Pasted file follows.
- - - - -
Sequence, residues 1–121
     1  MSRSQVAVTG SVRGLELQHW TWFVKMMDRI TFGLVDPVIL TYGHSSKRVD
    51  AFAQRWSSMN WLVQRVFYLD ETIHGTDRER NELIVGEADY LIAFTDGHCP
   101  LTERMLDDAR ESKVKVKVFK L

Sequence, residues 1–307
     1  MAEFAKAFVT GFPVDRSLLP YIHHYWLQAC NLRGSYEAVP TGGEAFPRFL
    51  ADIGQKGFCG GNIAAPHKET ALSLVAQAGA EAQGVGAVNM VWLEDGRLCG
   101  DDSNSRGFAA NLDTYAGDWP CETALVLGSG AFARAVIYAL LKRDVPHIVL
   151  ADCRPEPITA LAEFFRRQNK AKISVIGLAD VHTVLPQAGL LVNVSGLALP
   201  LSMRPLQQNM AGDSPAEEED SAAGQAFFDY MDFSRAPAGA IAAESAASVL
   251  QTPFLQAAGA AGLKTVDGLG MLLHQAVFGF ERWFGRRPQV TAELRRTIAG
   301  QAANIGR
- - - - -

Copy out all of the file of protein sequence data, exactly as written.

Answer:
Sequence, residues 1–121
     1  MSRSQVAVTG SVRGLELQHW TWFVKMMDRI TFGLVDPVIL TYGHSSKRVD
    51  AFAQRWSSMN WLVQRVFYLD ETIHGTDRER NELIVGEADY LIAFTDGHCP
   101  LTERMLDDAR ESKVKVKVFK L

Sequence, residues 1–307
     1  MAEFAKAFVT GFPVDRSLLP YIHHYWLQAC NLRGSYEAVP TGGEAFPRFL
    51  ADIGQKGFCG GNIAAPHKET ALSLVAQAGA EAQGVGAVNM VWLEDGRLCG
   101  DDSNSRGFAA NLDTYAGDWP CETALVLGSG AFARAVIYAL LKRDVPHIVL
   151  ADCRPEPITA LAEFFRRQNK AKISVIGLAD VHTVLPQAGL LVNVSGLALP
   201  LSMRPLQQNM AGDSPAEEED SAAGQAFFDY MDFSRAPAGA IAAESAASVL
   251  QTPFLQAAGA AGLKTVDGLG MLLHQAVFGF ERWFGRRPQV TAELRRTIAG
   301  QAANIGR